The Jeremiah O'Brien consists of five 430 x 300 mm sheets (about 400 parts), making it fairly simple for a 1:250 scale paper model. This is to be expected, since the original Liberty Ships were very plain in appearance, with few guns or extraneous details. While I've heard that the O'Brien was one of Wilhelmshaven's first models designed with the aid of computer software, the artwork resembles their traditional hand-drafted style. There are English instructions (rare in a Wilhelmshaven kit), a few diagrams and a very helpful tips sheet on basic paper model techniques. I suggest you read this carefully if this is your first Wilhelmshaven ship, even if you have had some previous experience building paper models.
Frankly, considering Wilhelmshaven's reputation for quality, I was slightly disappointed with their Jeremiah O'Brien. The kit looks like it was rushed into publication, as one page is completely overprinted in gray, instead of coloring each individual part. There are also a few mistakes in the hand-numbering of the pieces, but most are fairly self-evident. The coloring seems a shade too light (almost a gull-gray), but you could always blame sun fading and weathering. (Adding some rust streaks here and there would bolster this impression.) The O'Brien's wooden hatch covers don't look right, so I'd cover them with tarps, as was the usual practice at sea. (The John W. Brown's covered hatches are much better in my opinion - see the comparison below.) My biggest complaint concerns the simplistic, two-dimensional ventilators that are completely unrealistic in such a large scale. (Again, the Brown's ventilators are far superior.) Also, the ugly, oversized, black anchor and ship's name printed on the bow has got to go.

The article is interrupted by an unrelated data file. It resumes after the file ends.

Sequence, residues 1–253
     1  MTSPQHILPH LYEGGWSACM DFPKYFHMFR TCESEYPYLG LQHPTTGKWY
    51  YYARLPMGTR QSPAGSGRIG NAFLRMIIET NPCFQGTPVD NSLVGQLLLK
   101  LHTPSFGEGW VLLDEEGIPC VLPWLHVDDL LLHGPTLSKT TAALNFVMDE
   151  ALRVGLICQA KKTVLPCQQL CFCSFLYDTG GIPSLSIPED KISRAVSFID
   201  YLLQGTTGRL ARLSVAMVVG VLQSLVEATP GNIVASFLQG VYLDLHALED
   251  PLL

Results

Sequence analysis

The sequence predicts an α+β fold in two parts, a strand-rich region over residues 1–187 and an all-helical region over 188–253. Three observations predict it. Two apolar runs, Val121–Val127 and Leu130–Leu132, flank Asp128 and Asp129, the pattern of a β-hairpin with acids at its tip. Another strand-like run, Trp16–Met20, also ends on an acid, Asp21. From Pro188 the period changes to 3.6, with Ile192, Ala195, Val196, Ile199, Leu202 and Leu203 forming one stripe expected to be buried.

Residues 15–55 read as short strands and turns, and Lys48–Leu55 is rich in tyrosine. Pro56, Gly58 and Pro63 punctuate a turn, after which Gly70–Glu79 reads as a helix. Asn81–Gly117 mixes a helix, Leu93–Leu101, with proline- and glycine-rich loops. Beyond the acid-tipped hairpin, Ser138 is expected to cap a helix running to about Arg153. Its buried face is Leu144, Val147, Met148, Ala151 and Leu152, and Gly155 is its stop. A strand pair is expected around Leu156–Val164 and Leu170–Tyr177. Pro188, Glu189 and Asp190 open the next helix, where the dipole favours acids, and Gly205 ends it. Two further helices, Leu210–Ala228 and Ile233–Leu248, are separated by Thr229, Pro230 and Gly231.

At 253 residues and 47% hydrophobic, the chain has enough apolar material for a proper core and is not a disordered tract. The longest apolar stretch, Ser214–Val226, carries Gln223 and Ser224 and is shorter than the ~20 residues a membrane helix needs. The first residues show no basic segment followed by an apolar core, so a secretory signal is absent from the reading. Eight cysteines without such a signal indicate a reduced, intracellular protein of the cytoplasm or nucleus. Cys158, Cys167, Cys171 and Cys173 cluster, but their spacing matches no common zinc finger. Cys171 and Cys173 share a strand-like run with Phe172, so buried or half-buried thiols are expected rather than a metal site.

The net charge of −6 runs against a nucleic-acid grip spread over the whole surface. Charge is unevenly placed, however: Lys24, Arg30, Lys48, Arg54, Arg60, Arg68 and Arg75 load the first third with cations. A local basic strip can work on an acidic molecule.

I understand that this model was originally intended for the Jeremiah O'Brien's souvenir shop, which may explain some of Wilhelmshaven's uncharacteristic compromises in accuracy and over-simplifications. If one goes strictly according to the instructions without modifications, a fairly convincing replica of a Liberty Ship can be built with few problems. For a more accurate Jeremiah O'Brien, I'd highly recommend substituting the ventilators and repainting the hull during the early construction stage. Actually, a complete paint job might be a worthwhile improvement if you restore some of the printed detail afterwards (such as hatches) or install three-dimensional replacements. Some of the detailing tips used on the John W. Brown (covered more fully in the next issue) will also be helpful.
Like the O'Brien, the John W. Brown is printed on five sheets, with a slightly larger parts count. There's a colorful cover sheet with a large photo of the actual ship (reproduced at the beginning of this article), plus some history of the vessel. The English instructions are a bit more detailed than the O'Brien set, and some additional photos of the finished model are provided. A tips sheet is included.